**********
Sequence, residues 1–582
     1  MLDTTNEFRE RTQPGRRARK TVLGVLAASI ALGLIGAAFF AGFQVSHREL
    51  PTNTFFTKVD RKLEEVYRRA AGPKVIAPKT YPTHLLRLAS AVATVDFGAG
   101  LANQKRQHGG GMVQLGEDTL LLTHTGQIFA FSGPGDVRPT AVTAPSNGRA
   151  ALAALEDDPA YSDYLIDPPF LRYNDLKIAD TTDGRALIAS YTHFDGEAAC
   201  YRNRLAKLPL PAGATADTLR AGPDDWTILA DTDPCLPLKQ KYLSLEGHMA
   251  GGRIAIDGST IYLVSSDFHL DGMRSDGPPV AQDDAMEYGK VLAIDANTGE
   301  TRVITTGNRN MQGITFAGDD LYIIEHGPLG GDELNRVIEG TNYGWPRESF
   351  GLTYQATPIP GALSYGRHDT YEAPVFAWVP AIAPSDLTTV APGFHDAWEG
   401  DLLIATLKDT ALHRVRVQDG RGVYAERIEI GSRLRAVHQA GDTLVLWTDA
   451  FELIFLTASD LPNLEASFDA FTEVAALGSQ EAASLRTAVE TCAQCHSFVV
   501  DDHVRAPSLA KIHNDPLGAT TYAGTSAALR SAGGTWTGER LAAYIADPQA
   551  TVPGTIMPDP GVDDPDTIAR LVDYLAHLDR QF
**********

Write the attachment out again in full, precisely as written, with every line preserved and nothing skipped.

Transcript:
Sequence, residues 1–582
     1  MLDTTNEFRE RTQPGRRARK TVLGVLAASI ALGLIGAAFF AGFQVSHREL
    51  PTNTFFTKVD RKLEEVYRRA AGPKVIAPKT YPTHLLRLAS AVATVDFGAG
   101  LANQKRQHGG GMVQLGEDTL LLTHTGQIFA FSGPGDVRPT AVTAPSNGRA
   151  ALAALEDDPA YSDYLIDPPF LRYNDLKIAD TTDGRALIAS YTHFDGEAAC
   201  YRNRLAKLPL PAGATADTLR AGPDDWTILA DTDPCLPLKQ KYLSLEGHMA
   251  GGRIAIDGST IYLVSSDFHL DGMRSDGPPV AQDDAMEYGK VLAIDANTGE
   301  TRVITTGNRN MQGITFAGDD LYIIEHGPLG GDELNRVIEG TNYGWPRESF
   351  GLTYQATPIP GALSYGRHDT YEAPVFAWVP AIAPSDLTTV APGFHDAWEG
   401  DLLIATLKDT ALHRVRVQDG RGVYAERIEI GSRLRAVHQA GDTLVLWTDA
   451  FELIFLTASD LPNLEASFDA FTEVAALGSQ EAASLRTAVE TCAQCHSFVV
   501  DDHVRAPSLA KIHNDPLGAT TYAGTSAALR SAGGTWTGER LAAYIADPQA
   551  TVPGTIMPDP GVDDPDTIAR LVDYLAHLDR QF